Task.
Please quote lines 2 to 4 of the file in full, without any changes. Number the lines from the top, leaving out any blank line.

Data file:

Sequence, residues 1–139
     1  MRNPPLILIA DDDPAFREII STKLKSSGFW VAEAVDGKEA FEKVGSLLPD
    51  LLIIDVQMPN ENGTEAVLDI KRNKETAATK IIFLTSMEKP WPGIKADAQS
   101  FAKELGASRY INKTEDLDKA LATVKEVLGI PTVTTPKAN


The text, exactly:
     1  MRNPPLILIA DDDPAFREII STKLKSSGFW VAEAVDGKEA FEKVGSLLPD
    51  LLIIDVQMPN ENGTEAVLDI KRNKETAATK IIFLTSMEKP WPGIKADAQS
   101  FAKELGASRY INKTEDLDKA LATVKEVLGI PTVTTPKAN